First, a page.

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Relative Valuation

 

Relative valuation is a method of estimating a target company’s value by referring to the market price of companies similar to the target company.

 

That is like referencing other apartments’ transaction prices in similar conditions to estimate your apartment’s price. Meanwhile, since it refers to the transaction price in the market, the relative valuation method is also called the market approach.

 

The relative valuation method use multiples obtained using similar companies to value a target like in the formula below. Financial indicators, which are denominators, consist of comparable companies’ profits, book value, or sales. The market price, which is the numerator, can be the companies’ stock price or the entire enterprise value (EV). If you use stock price in the numerator, you estimate the target’s stock value, and if you use EV in there, you will assess its EV.

 

relative valuation method - jcinus

 

Multiples mean ‘how many times the market price has been formed compared to a specific financial value’. Depending on the type of financial indicators in the denominator, multiples can be divided into three main categories.

 

The first is income multiples. It shows how many times the stock price is formed more compared to the profit of $1. In other words, you can think of it as how many times the investor pays for the profit of $1 to buy one stock. Representative earnings multiples are price-to-earnings ratio (PER) and EV/EBITDA. The former is the ratio of stock price divided by EPS, and the latter is the ratio of the enterprise value divided by the EBITDA, which is the sum of operating income and depreciation and amortisation expenses.

 

The second is a book value multiple, which expresses a company’s value as a multiple of net assets. It means how many times the company’s stock price is higher than its book value. The higher the multiple, the higher the market value of the company’s book value. PBR (Price to Book-value Ratio) is representative. That is the ratio of the stock price divided by the book value per share.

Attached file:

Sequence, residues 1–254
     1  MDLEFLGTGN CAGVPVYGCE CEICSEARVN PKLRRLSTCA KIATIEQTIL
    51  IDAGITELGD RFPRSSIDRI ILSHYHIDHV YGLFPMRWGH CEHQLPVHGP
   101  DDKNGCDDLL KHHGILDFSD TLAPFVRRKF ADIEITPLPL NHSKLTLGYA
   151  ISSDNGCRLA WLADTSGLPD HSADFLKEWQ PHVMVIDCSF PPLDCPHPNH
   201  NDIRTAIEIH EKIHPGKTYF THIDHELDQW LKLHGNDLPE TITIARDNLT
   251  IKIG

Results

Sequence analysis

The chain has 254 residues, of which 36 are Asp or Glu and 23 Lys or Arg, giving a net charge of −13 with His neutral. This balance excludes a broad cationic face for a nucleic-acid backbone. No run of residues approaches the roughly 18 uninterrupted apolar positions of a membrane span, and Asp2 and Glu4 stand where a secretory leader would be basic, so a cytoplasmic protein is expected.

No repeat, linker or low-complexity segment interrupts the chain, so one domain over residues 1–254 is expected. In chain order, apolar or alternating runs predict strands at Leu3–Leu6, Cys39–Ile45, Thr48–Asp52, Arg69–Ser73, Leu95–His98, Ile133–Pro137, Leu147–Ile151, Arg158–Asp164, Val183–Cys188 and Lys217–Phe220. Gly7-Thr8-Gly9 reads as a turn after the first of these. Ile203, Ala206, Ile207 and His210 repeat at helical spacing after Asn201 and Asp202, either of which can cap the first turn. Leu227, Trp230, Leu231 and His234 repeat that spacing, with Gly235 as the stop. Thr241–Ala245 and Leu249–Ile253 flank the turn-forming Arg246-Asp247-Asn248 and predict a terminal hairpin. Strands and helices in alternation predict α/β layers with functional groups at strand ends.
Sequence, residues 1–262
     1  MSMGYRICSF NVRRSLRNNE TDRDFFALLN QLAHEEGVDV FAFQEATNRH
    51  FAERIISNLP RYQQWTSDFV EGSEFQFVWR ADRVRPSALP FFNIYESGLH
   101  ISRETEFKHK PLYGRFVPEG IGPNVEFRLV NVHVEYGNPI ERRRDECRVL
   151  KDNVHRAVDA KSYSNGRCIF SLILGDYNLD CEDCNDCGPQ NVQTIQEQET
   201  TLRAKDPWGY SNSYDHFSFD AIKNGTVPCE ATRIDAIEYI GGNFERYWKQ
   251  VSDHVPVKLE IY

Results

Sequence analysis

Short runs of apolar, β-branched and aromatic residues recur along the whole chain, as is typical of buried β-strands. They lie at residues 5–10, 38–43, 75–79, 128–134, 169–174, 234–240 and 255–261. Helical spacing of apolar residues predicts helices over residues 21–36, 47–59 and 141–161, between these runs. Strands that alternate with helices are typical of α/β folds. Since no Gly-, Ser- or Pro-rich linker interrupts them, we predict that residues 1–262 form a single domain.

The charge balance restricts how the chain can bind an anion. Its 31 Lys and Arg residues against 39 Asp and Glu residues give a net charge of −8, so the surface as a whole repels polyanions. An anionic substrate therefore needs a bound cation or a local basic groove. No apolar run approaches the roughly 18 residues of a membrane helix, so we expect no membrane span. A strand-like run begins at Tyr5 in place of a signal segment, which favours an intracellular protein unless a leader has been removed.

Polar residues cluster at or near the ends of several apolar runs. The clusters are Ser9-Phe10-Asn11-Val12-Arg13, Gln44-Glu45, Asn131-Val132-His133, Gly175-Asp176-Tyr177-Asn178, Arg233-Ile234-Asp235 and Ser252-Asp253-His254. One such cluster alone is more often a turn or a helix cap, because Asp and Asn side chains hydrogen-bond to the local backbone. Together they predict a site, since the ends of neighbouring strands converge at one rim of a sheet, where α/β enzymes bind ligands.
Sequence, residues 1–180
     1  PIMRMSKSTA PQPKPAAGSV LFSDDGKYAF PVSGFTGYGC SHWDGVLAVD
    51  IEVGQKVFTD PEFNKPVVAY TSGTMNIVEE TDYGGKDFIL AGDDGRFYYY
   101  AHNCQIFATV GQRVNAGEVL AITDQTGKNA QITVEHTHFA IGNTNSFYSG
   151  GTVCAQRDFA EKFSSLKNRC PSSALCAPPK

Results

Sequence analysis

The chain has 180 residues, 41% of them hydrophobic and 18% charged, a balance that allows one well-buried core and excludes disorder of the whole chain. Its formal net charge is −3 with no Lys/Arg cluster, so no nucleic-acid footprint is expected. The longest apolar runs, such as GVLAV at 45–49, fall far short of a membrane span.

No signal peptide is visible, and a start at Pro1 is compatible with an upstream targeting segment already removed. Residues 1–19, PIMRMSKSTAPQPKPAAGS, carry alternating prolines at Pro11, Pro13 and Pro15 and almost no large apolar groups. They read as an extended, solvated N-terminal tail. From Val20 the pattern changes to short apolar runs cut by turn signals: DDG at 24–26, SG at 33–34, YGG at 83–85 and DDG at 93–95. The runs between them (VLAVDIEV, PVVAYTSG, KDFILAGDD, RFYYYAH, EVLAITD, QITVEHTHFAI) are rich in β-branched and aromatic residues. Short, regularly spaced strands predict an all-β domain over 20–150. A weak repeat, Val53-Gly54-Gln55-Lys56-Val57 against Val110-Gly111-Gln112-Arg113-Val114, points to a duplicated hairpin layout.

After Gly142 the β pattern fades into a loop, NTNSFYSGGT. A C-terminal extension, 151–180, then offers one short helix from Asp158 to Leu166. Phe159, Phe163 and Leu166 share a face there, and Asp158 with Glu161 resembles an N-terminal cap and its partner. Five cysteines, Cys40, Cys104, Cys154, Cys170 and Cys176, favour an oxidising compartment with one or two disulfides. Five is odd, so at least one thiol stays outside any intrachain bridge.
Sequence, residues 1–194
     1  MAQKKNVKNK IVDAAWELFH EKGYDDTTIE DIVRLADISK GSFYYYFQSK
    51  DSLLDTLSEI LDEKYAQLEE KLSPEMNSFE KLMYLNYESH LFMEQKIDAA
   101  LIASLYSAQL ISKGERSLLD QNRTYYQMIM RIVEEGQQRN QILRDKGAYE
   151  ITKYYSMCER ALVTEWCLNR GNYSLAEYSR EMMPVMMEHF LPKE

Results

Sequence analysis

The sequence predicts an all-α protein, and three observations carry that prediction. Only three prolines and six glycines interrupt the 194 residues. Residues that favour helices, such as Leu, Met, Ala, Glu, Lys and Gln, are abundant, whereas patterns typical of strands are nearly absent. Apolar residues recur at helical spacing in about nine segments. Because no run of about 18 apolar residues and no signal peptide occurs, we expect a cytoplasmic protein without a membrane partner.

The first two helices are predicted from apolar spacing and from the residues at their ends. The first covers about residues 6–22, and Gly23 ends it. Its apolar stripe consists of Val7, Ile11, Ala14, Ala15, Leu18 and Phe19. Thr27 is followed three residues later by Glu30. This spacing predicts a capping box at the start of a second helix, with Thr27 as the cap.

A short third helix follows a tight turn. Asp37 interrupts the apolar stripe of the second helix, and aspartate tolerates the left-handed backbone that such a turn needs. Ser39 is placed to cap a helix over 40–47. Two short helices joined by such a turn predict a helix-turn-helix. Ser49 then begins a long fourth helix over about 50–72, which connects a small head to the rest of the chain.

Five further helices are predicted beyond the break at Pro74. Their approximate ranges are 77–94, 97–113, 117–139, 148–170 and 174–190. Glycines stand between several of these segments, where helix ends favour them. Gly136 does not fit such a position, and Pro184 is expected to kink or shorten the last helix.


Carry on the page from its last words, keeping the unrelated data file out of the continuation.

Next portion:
The last is a sales multiple. The company’s value is expressed as a multiple of sales. It shows how many times the stock price or enterprise value is formed compared to sales. Sales multiples include PSR (Price to Sales Revenue Ratio) and EVSR (Enterprise Value to Sales revenue Ratio). The former is the stock price divided by the sales per share, and the latter is the enterprise value divided by the sales.

 

In addition to the above three types, there are also ratios such as enterprise value divided by free cash flows or enterprise value divided by the number of users in a particular sector. However, in general practice, the above three types are most often used. The relative valuation method has the advantage of being relatively easy to use and reflecting the market price. But sometimes reflecting the mood of the stock market can be a weakness. That is because if a specific sector is overvalued or undervalued in the stock market, the target company valuation can also reflect market bias.

 

Valuation of a company can be classified by other criteria. Depending on which aspect it starts from, it can be classified into asset approach, income approach, and market approach. However, only the method categorising each valuation of a company is different, but the actual content does not change.

 

Category

Asset Approach Income Approach

Market Approach

Sub-category

  • Net asset valuation
  • Discounted cash flow method
  • Residual income model
  • Relative valuation Method

Classification of business valuation methods

 

One thought on “Business valuation methods – types and practical use

  1. Pingback: Why analysts prefer relative valuation multiples? | JCINUS [제이씨이너스]